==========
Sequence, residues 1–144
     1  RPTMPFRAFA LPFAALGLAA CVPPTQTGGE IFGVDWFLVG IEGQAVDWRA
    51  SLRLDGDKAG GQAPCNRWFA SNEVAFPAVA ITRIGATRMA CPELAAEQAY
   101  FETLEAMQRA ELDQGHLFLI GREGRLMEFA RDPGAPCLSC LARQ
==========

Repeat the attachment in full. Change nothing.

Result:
Sequence, residues 1–144
     1  RPTMPFRAFA LPFAALGLAA CVPPTQTGGE IFGVDWFLVG IEGQAVDWRA
    51  SLRLDGDKAG GQAPCNRWFA SNEVAFPAVA ITRIGATRMA CPELAAEQAY
   101  FETLEAMQRA ELDQGHLFLI GREGRLMEFA RDPGAPCLSC LARQ